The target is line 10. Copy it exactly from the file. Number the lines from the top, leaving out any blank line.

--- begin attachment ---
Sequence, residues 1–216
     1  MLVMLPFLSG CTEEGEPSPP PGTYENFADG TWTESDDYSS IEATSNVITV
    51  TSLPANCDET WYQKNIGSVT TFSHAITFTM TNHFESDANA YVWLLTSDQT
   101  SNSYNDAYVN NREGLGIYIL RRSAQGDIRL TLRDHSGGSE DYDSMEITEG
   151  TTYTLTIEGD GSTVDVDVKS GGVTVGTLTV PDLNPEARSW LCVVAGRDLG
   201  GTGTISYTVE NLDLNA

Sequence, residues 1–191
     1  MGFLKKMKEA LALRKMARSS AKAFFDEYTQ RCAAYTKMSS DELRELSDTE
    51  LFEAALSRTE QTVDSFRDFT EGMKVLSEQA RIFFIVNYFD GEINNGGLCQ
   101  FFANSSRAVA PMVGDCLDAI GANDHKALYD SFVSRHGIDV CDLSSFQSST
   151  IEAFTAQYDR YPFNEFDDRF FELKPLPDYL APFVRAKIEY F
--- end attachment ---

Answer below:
   101  FFANSSRAVA PMVGDCLDAI GANDHKALYD SFVSRHGIDV CDLSSFQSST